The Daily Grind Video

The kiddies at Rutgers shocked the nation last week when we learned their student body plunked down $32,000 for a speech from reality star and…author (that hurt to type) Nicole “Snooki” Polizzi. The chunky check is $2,000 more than what Nobel and Pulitzer Prize winning author Toni Morrison will receive when she delivers the University’s commencement address in May. Rutgers released a statement; “the Rutgers University Programming Association exists for the sole purpose of bringing entertainment to campus.” The association is apparently student run and student funded thanks to “student programming fees” (wouldn’t that be tuition—or do these students pay a separate fee for entertainment?) No matter.

It should come as no surprise to anyone that a reality star makes more in a few hours than many American households pull in a year. That’s where it’s at, friends. But if we want to get out of this economic mess and empower the next generation with tools they can use to compete on a national level, we must realistically change with the times and understand we’ve got “a situation.” 

We’re not our parent’s generation. It serves the best interest of corporations, media conglomerates and even the American government to keep the majority concerned with anything else but the real issues. Mass media tells young women their value is determined by the size of their a** and simultaneously convinces young men their worth depends on the size of their wallet. Our kids are being discouraged to pay attention and encouraged to ignore their own reality. 


If young students concentrate on becoming reality TV stars, they’ll forget that out of 34 countries, the U.S. ranks 14th in reading, 17th in science and 25th in math. 

If young women are dead set on becoming “Housewives of (insert your state here)” and locking down a pro-athlete, they’ll forget to stand on the front lines and continue the fight for women’s equality in the workplace. Women earn about 80% of the salaries of men, according to the 2011 White House Report. But, forget about it—a toast to wealthy baby momma’s!

Why Ph.D. when kids can GTL and make millions? Celebrity culture sells unobtainable lifestyles, which leads to misused resources and less focus on solutions. If people constantly want “more,” the Republican Party has less opposition while they cut funding for education, Medicare and childcare subsidies (as reflected in the GOP’s current proposed budget cuts). I mean, sure our government could stop spending billions on war, tax the top 2 percent or even cut back on defense funding—but who’s paying attention? Besides, the corporate elite controls media…so hoorah!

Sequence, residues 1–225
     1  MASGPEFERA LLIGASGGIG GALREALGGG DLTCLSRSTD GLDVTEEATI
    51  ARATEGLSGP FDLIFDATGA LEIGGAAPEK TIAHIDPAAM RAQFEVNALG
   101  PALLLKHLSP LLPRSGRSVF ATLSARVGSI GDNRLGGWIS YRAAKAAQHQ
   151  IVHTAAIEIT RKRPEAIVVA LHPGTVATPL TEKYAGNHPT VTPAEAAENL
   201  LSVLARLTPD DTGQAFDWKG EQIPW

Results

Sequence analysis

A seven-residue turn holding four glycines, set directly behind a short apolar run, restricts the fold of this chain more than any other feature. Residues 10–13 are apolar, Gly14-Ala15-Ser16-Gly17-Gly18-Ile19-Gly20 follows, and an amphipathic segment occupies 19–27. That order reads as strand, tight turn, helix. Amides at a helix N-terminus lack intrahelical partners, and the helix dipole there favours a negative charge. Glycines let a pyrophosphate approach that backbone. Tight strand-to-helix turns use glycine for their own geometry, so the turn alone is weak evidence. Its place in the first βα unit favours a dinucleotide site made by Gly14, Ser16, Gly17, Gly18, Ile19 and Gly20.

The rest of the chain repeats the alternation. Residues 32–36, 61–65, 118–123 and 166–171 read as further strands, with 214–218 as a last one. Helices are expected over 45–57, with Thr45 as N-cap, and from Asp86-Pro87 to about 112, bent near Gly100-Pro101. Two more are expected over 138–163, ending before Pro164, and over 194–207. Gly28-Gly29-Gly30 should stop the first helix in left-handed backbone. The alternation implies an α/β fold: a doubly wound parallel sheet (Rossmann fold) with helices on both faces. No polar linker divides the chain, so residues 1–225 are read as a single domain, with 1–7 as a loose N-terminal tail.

In 2010, Americans had a median household income of $54,000 and worked longer hours for less pay with little or no vacation time. If we’re working so hard, why aren’t we encouraged to look after our mental well being, to spend time with our families or travel and learn about the world/other cultures? We’re the only civilized country without a health care system. But why sweat the quality of our own lives when the Kardashian sisters made $64 million last year? It’s all good. Bottles up!

Pop culture is our country’s biggest export, and while many Americans can’t even make ends meet, it’s no coincidence that our culture glorifies celebrity like nothing we’ve ever seen before. It’s a sign of the times, and anyone who reads the paper or watches the news gets what’s happening here.


So what’s the solution? President Obama so eloquently stated, “We need to teach our kids that it’s not just the winner of the Super Bowl who deserves to be celebrated, but the winner of the science fair.” True, and our government needs to step up (they clearly could use some encouragement from citizens) and make sure scientists, teachers and all American workers are properly compensated with benefits. Parents need to strategically drop knowledge on their children the same way they’ve been strategically hiding vegetables in their meals since the beginning of time – or our kids will no doubt end up emotionally, economically and scholastically malnourished. 

Young people are the future, and while a lot of them work hard and make amazing contributions to their communities and society, many continue to fall through the cracks. We (not the government, not mass media—WE) need to empower kids with knowledge—their own reality is more relevant than anything on cable TV.

Kim Kane